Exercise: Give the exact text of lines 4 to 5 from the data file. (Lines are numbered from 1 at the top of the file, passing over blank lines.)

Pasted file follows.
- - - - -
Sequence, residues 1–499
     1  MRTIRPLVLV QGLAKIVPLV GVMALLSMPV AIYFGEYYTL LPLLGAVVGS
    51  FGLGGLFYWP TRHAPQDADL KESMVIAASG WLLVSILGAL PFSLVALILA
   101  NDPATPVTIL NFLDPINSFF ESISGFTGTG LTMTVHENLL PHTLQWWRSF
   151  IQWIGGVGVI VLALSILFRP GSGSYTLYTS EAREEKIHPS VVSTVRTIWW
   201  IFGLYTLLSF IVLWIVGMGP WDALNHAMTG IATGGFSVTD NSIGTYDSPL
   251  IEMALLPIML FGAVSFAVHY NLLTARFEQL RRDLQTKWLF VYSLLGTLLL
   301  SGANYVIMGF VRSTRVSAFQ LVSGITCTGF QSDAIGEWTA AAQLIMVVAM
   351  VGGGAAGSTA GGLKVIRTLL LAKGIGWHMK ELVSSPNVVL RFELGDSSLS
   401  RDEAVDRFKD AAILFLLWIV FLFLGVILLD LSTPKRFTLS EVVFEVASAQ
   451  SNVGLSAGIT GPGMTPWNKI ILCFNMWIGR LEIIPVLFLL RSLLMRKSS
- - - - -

   101  NDPATPVTIL NFLDPINSFF ESISGFTGTG LTMTVHENLL PHTLQWWRSF
   151  IQWIGGVGVI VLALSILFRP GSGSYTLYTS EAREEKIHPS VVSTVRTIWW